The Public Land Mobile Network (PLMN) includes the following system entities: The Mobile Station (MS) represents the terminal equipment used by the wireless subscriber in a mobile communication network. The Base Transceiver Station (BTS) is the base station serving one cell of the system. The Base Station Controller (BSC), controlling one or more Base Transceiver Stations, is responsible for communication within a location area/routing area. Operation and Maintenance Center (OMC) allows the network provider to operate, administer, and monitor the functioning of the system, and update equipment and subscriber databases. Mobile Switching Center (MSC) performs the switching functions for all mobile stations located in the geographic area covered by the mobile network. Home Location Register (HLR) contains the identities of mobile subscribers, their service parameters, and their location information. The location information is stored as a Mobile Station Roaming Number (MSRN), which is a directory number that the network can use to route calls to the MSC where the mobile subscriber is located at the time of call establishment. The Visitor Location Register (VLR) contains selected administrative information from the HLR, necessary for call control and provision of the subscribed services, for each mobile currently located in the geographical area controlled by the VLR. The Equipment Identity Register (EIR) is the database that contains a list of all valid mobile equipment on the network, where each mobile station is identified by its International Mobile Equipment Identity (IMEI). An IMEI is marked as invalid if it has been reported stolen or is not type approved. The Authentication Center (AUC) contains subscriber authentication data called Authentication Keys. The Gateway Mobile Switching Center (GMSC) integrates the MSCs in a PLMN and provides subscribers with a “gateway” to communicate with those from other PLMNs. International Switching Center (ISC) makes the “international” switching services possible and available. Besides, the A-interface (under the GSM system) is used to carry the 64 kbit/s speech data and signaling information between the BSC and the MSC. On the other hand, under other systems, this interface is run with other protocols under different names.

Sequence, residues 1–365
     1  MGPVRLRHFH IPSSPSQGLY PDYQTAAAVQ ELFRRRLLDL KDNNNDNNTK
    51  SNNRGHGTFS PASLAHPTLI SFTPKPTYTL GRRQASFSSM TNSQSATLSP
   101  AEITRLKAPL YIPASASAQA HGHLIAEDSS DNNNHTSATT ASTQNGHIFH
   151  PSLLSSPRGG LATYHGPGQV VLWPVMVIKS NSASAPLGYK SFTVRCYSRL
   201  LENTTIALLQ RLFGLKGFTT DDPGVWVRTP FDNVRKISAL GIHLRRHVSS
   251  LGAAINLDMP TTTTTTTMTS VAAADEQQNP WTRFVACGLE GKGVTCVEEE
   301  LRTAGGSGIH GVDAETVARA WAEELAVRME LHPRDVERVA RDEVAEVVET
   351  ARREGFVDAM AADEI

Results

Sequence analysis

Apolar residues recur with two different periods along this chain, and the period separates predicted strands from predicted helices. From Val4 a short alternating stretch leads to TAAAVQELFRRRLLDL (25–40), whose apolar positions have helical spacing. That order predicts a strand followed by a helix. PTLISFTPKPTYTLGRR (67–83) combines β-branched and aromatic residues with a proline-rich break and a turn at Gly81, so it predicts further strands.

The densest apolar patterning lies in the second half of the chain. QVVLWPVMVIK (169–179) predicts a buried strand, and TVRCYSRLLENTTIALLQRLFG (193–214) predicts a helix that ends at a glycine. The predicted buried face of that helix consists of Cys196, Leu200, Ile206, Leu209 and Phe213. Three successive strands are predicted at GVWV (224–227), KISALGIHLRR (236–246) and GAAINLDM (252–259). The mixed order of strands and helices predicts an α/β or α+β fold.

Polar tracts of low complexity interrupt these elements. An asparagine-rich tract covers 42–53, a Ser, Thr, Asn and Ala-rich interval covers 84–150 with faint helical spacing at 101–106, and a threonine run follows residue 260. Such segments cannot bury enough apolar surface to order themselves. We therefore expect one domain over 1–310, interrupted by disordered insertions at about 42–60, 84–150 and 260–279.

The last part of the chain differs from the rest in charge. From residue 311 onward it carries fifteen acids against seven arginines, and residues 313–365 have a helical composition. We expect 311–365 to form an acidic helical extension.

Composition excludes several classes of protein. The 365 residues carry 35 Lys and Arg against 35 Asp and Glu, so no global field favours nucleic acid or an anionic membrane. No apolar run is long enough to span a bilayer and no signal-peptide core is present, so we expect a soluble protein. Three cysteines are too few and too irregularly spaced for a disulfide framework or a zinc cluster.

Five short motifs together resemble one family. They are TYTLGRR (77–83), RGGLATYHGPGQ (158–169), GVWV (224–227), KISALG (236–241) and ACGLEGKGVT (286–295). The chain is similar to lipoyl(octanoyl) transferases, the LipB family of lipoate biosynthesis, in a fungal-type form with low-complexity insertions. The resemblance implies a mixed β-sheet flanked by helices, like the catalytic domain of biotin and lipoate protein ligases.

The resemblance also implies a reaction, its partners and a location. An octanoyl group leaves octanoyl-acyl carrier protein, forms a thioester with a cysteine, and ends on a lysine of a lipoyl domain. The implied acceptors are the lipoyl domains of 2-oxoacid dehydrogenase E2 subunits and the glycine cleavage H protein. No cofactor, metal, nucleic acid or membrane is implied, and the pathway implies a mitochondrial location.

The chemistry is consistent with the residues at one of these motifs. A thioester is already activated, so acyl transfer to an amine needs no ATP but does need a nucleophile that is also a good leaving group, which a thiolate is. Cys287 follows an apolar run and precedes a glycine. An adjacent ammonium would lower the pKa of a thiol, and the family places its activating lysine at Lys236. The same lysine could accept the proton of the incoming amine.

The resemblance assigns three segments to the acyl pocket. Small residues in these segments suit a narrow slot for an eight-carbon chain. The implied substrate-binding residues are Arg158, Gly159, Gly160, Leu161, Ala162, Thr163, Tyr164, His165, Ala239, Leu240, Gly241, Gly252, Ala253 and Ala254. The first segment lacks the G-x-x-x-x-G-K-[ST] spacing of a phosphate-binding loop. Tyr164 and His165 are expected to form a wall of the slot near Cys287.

The mobile telecommunication system is quite complicated, and the purchase, implementation, evaluation, adjustment and tests all require a lot of efforts. The purpose of mobile network planning (or network design) is to precisely design a network with the lowest traffic loads, lowest traffic congestions and highest performance by considering the type of input of network, budget, geographical information and information of subscribers. There are some software programs designed for mobile network planning, but usually they are designed mainly for some specific purposes and are not very user-friendly.